Who should be able to create a SharePoint Site?
The question of who should be able to create SharePoint sites is one which has troubled SharePoint implementations for over 15 years. There are different opinions on the best approach and these opinions have changed as SharePoint has evolved. To further confuse the matter, the answer may not be the same for different companies, business sectors and generations in the workforce.
This post will help you decide the best route for your company by considering three of the most common approaches to who can create SharePoint sites. I will specifically focus on the creation of SharePoint sites in Office 365, as this is where now the debate is most relevant. I will not provide a definitive answer to the question but will instead challenge you to rethink the question itself.
Everyone can create sites
Let’s start with the default setting in Office 365, which is that all licensed users can create a new Modern SharePoint Site. This fact alone is a shock to many of the organisations that I advise about Office 365 governance. However, by empowering users to create SharePoint sites, you are giving them a greater sense of ownership over what is created. Furthermore, this extreme form of user self-service removes a perceived barrier from IT.
There are, of course, a number of problems with this approach to SharePoint site creation. Firstly, an organisation needs to ensure all users have had the right level of training to be able to create a site technically. This training may need to include additional configuration of the site once it has been created. Secondly, users need to understand when it is appropriate to create a site and ensure any new sites do not crossover in purpose with existing sites.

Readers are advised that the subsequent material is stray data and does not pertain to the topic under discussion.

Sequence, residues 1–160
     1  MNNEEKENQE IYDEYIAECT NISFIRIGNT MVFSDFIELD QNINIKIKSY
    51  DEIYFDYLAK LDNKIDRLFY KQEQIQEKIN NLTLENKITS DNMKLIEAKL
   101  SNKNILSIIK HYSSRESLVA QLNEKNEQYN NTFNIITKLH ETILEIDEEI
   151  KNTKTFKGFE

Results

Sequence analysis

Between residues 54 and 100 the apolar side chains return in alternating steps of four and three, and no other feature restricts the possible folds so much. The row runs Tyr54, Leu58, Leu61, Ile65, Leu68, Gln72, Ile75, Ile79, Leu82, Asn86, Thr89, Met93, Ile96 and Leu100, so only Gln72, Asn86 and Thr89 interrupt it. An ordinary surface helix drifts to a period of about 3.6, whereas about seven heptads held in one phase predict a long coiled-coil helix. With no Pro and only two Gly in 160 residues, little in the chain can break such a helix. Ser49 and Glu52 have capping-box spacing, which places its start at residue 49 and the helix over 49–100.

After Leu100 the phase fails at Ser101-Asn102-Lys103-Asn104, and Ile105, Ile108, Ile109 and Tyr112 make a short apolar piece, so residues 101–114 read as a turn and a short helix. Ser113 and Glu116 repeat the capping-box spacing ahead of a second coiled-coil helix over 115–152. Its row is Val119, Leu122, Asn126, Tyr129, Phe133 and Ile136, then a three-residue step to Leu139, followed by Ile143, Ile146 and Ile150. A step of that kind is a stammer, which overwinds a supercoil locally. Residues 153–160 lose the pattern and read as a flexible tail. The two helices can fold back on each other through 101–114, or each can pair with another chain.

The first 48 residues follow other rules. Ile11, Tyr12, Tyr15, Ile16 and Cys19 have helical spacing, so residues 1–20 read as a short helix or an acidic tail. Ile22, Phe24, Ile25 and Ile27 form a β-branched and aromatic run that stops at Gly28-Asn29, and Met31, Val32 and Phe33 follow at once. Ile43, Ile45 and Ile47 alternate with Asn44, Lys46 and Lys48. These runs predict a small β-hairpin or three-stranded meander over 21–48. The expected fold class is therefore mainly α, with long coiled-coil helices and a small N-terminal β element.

SharePoint Administrators can create sites
Concerns around all users being able to create SharePoint sites is why many organisations take an extreme approach in locking this action down. Only a small group of administrators in IT or a business team are able to create new SharePoint sites. Users are able to request new sites from this admin team through some form of internal request mechanism.
A single team of well-trained administrators creating SharePoint sites will ensure greater consistency. However, end users are often left frustrated by the time involved to create a new site and do not have a sense of ownership over the new sites. Also, this approach does not make the best use of the skills possessed by SharePoint administrators, and they too are left frustrated.
Super Users can create sites
The middle ground approach to SharePoint site creation is to develop Super Users throughout the organisations. They will not always be called Super Users; I have also heard the terms Power Users, Site Owners or Champions. However they are referred to, they are users in each team and department who will create SharePoint sites. They will have had specific training on how to create and configure new SharePoint sites according to any define business rules.
The success of the SharePoint Super User model very much depends on identifying the right people to fill these roles. This is difficult to achieve in every department and team in an organisation. Some managers will be reluctant to empower an appropriate team member or will select the wrong personality. The result is a perception of a SharePoint system with outstanding governance, but the reality is a mixed quality level in how SharePoint sites are created.
Rethinking the whole question
The development of Modern SharePoint in Office 365 has made the question of who can create sites even more important. The trend is towards more users being able to create sites, but this should not discount the models of SharePoint Administrators or Super Users. I think the problem is that we need to be rethinking the whole question.
Instead of asking who should be able to create sites we should instead be asking how do we empower the maximum number of users to create sites. Only by enabling users can we improve user engagement, ensure the right site is created at the right time and reduce the risk of Shadow IT. However, we must make this self-service experience as easy as possible for users, without the need for complex training and in a way consistent with governance needs.
If you would like to find out how ProvisionPoint helps organisations empower user self-service for SharePoint then contact us for a demo.